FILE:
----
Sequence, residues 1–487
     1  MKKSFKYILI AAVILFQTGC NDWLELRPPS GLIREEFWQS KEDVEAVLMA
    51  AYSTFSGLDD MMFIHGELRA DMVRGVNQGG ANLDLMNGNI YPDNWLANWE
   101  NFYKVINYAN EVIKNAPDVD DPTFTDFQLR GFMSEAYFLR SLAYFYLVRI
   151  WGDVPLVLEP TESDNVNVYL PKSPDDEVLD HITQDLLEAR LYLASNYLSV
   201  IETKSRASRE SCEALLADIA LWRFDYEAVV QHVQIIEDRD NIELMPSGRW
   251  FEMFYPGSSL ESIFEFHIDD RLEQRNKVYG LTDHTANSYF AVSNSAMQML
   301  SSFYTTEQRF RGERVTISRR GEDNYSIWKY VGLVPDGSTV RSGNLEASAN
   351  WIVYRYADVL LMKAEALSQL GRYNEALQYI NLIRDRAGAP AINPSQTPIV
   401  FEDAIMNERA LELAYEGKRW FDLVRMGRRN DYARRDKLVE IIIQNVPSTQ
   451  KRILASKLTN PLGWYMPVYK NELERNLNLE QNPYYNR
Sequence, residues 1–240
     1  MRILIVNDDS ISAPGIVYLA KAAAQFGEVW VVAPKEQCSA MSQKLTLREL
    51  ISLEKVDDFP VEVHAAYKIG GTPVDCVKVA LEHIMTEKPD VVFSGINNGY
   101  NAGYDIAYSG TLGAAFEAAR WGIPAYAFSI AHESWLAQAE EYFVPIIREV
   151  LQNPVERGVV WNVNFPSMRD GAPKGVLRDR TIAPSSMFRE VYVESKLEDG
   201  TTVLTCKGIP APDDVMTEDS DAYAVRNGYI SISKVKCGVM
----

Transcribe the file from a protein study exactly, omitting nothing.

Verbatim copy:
Sequence, residues 1–487
     1  MKKSFKYILI AAVILFQTGC NDWLELRPPS GLIREEFWQS KEDVEAVLMA
    51  AYSTFSGLDD MMFIHGELRA DMVRGVNQGG ANLDLMNGNI YPDNWLANWE
   101  NFYKVINYAN EVIKNAPDVD DPTFTDFQLR GFMSEAYFLR SLAYFYLVRI
   151  WGDVPLVLEP TESDNVNVYL PKSPDDEVLD HITQDLLEAR LYLASNYLSV
   201  IETKSRASRE SCEALLADIA LWRFDYEAVV QHVQIIEDRD NIELMPSGRW
   251  FEMFYPGSSL ESIFEFHIDD RLEQRNKVYG LTDHTANSYF AVSNSAMQML
   301  SSFYTTEQRF RGERVTISRR GEDNYSIWKY VGLVPDGSTV RSGNLEASAN
   351  WIVYRYADVL LMKAEALSQL GRYNEALQYI NLIRDRAGAP AINPSQTPIV
   401  FEDAIMNERA LELAYEGKRW FDLVRMGRRN DYARRDKLVE IIIQNVPSTQ
   451  KRILASKLTN PLGWYMPVYK NELERNLNLE QNPYYNR
Sequence, residues 1–240
     1  MRILIVNDDS ISAPGIVYLA KAAAQFGEVW VVAPKEQCSA MSQKLTLREL
    51  ISLEKVDDFP VEVHAAYKIG GTPVDCVKVA LEHIMTEKPD VVFSGINNGY
   101  NAGYDIAYSG TLGAAFEAAR WGIPAYAFSI AHESWLAQAE EYFVPIIREV
   151  LQNPVERGVV WNVNFPSMRD GAPKGVLRDR TIAPSSMFRE VYVESKLEDG
   201  TTVLTCKGIP APDDVMTEDS DAYAVRNGYI SISKVKCGVM